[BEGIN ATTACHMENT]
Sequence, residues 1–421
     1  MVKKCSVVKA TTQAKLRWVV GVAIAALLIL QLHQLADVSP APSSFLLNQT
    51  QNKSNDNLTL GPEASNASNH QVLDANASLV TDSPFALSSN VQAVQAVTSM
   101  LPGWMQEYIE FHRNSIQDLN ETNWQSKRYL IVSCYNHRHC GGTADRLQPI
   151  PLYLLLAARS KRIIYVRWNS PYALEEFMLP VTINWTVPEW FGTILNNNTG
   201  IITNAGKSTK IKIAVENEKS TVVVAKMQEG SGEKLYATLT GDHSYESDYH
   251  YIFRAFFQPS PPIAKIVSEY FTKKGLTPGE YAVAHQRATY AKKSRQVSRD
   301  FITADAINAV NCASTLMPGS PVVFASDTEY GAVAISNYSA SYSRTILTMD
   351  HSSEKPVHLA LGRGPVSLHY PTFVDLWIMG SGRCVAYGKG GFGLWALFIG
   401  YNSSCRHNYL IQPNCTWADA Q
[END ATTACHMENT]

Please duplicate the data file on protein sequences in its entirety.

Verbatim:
Sequence, residues 1–421
     1  MVKKCSVVKA TTQAKLRWVV GVAIAALLIL QLHQLADVSP APSSFLLNQT
    51  QNKSNDNLTL GPEASNASNH QVLDANASLV TDSPFALSSN VQAVQAVTSM
   101  LPGWMQEYIE FHRNSIQDLN ETNWQSKRYL IVSCYNHRHC GGTADRLQPI
   151  PLYLLLAARS KRIIYVRWNS PYALEEFMLP VTINWTVPEW FGTILNNNTG
   201  IITNAGKSTK IKIAVENEKS TVVVAKMQEG SGEKLYATLT GDHSYESDYH
   251  YIFRAFFQPS PPIAKIVSEY FTKKGLTPGE YAVAHQRATY AKKSRQVSRD
   301  FITADAINAV NCASTLMPGS PVVFASDTEY GAVAISNYSA SYSRTILTMD
   351  HSSEKPVHLA LGRGPVSLHY PTFVDLWIMG SGRCVAYGKG GFGLWALFIG
   401  YNSSCRHNYL IQPNCTWADA Q